undermining Cambodia’s legitimacy                    fell from around 72 per cent in 1973               at an unprecedented rate.73 Forest
as an investment destination.69                      to only 46 per cent in 201371 and                  cover has fallen from 70 per cent to
Deforestation is also a major problem                satellite imagery demonstrates that                just 40 per cent of total land mass
in both Cambodia and Laos. Investors                 land concessions have significantly                over the last 50 years, according to
appear to have deliberately targeted                 contributed to the loss of intact                  official statistics.74 This rapid forest
protected areas, with over 70 per                    forest.72 In Laos, forest cover has                loss has dire longer terms impacts on
cent of the concessions given out in                 also declined rapidly. Despite the law             soil erosion and watersheds, loss of
2012 in Cambodia situated inside                     allowing only ‘degraded’ forest to                 biodiversity and ecosystem services.

Satellite imagery showing deforestation between 1973 and 2013, including in areas protected by Cambodian law. Cambodia has the fifth highest
deforestation rate in the world. © Open Development Cambodia

    The financial risks to governments and investors of large-scale rubber concessions
    The corporate risks associated with                Using geospatial data from 12 emerging            report, ‘Rubber Barons: How Vietnamese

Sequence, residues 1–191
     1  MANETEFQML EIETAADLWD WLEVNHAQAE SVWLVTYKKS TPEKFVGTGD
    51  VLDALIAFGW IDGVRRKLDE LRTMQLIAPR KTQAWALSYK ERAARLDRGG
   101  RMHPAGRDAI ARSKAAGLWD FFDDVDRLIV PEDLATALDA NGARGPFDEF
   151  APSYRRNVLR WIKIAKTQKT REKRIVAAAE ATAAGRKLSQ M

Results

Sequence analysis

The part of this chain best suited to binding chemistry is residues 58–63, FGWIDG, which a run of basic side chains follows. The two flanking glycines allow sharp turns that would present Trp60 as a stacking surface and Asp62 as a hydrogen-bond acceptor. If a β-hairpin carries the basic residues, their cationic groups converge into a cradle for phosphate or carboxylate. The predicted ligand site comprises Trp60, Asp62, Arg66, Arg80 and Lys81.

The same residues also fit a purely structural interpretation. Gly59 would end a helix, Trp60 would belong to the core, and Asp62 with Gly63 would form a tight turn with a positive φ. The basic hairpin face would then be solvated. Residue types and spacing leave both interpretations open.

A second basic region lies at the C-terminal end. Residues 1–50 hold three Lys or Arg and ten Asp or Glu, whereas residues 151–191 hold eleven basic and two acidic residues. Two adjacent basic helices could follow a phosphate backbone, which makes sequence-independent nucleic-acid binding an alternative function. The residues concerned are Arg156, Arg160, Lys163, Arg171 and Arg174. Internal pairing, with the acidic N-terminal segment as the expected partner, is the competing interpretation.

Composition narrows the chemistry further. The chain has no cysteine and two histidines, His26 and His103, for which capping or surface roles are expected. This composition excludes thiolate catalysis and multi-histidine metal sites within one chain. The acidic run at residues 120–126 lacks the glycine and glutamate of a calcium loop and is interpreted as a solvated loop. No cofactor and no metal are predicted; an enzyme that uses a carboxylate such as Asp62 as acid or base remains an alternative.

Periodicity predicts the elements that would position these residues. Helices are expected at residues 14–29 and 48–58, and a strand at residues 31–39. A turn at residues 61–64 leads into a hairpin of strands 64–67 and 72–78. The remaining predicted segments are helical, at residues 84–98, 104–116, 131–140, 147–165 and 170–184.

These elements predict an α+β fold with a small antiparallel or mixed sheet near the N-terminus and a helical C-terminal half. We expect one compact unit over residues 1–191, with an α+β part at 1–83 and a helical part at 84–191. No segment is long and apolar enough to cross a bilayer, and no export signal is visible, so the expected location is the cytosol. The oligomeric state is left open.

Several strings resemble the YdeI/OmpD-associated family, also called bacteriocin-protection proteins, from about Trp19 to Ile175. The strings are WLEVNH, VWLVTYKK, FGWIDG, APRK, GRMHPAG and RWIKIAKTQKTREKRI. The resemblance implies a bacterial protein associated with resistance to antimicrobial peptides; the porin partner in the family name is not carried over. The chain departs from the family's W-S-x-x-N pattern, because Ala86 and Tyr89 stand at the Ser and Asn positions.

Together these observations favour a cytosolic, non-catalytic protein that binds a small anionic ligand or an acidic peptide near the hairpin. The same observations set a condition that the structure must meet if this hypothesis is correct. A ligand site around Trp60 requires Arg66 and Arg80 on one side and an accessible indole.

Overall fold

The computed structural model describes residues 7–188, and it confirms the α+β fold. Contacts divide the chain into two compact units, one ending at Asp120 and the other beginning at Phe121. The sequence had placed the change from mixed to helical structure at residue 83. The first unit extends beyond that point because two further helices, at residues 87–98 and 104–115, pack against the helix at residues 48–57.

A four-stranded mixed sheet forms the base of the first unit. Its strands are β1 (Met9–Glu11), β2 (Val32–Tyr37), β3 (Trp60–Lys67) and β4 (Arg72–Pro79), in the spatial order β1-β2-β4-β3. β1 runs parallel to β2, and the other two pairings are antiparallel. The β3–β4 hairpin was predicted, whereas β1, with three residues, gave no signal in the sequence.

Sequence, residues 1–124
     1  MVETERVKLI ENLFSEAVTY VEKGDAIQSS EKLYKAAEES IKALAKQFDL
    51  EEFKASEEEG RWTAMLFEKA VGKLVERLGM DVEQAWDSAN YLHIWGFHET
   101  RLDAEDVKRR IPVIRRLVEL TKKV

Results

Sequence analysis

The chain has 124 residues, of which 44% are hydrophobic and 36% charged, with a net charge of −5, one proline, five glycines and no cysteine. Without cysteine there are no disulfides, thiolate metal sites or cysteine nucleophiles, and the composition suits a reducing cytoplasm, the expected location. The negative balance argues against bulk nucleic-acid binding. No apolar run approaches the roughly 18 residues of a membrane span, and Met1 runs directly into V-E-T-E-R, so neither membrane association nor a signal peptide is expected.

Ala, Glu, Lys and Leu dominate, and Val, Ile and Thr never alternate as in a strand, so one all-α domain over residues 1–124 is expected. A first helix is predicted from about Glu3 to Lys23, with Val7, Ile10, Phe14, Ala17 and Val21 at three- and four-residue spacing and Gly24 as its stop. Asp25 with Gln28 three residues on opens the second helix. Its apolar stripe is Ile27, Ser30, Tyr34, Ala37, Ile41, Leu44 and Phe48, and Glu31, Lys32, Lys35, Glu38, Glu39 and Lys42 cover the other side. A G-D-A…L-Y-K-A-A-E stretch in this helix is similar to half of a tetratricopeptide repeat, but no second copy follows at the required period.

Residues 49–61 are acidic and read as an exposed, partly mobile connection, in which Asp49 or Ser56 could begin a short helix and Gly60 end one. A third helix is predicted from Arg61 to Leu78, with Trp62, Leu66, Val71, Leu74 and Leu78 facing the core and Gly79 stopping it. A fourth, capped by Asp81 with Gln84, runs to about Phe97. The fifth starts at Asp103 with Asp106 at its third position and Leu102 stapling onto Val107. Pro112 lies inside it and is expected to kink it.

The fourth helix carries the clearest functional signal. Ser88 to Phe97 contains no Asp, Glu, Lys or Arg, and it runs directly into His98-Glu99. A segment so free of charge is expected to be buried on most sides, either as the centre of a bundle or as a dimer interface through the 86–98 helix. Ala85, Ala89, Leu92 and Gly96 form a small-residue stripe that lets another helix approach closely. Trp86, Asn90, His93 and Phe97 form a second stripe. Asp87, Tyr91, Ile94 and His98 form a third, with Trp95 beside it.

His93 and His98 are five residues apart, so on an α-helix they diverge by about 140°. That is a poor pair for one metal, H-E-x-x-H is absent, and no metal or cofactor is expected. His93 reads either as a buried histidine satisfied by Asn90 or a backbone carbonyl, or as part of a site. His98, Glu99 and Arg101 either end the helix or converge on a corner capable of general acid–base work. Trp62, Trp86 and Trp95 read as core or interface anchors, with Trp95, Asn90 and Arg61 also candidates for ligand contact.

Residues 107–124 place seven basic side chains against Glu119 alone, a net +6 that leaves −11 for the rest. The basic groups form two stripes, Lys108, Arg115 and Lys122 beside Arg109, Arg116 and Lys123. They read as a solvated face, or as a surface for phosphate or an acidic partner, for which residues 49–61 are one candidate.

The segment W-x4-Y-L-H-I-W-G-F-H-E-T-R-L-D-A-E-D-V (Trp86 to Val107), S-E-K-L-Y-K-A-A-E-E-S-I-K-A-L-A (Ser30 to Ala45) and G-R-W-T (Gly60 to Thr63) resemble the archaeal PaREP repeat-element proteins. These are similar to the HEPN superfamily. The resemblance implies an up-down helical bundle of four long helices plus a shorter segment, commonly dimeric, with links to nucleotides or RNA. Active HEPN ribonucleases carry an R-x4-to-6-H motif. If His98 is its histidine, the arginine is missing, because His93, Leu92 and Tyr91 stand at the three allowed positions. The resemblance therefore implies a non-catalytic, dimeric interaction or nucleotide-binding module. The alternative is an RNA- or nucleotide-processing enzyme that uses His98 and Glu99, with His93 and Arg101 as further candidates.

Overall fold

investing in land where tenure rights are          market economies, including Cambodia,             companies and international financiers are
    unclear are very real. A 2012 report by            the analysis highlights the problem of            driving a land grabbing crisis in Cambodia
    The Munden Project analysed the financial          overlapping land claims diminishing the value     and Laos’.81 Within 48 hours of the release
    costs associated with ignoring the issue           and viability of industrial concessions.79 The    of the report, HAGL’s share price dropped
    of tenure in land investments.75 The report        study concludes that “industrial concessions      by 6 per cent, attributed by some media
    demonstrated that the financial risks posed        on public lands representing 31% of the           reports to the exposé.82 The company has
    are numerous and range from unexpected             total hectares sampled had some overlap           since experienced consistent pressure
    cash flow loss due to suspensions, to              with a demarcated local territory”.80 This        from investors to bring its operations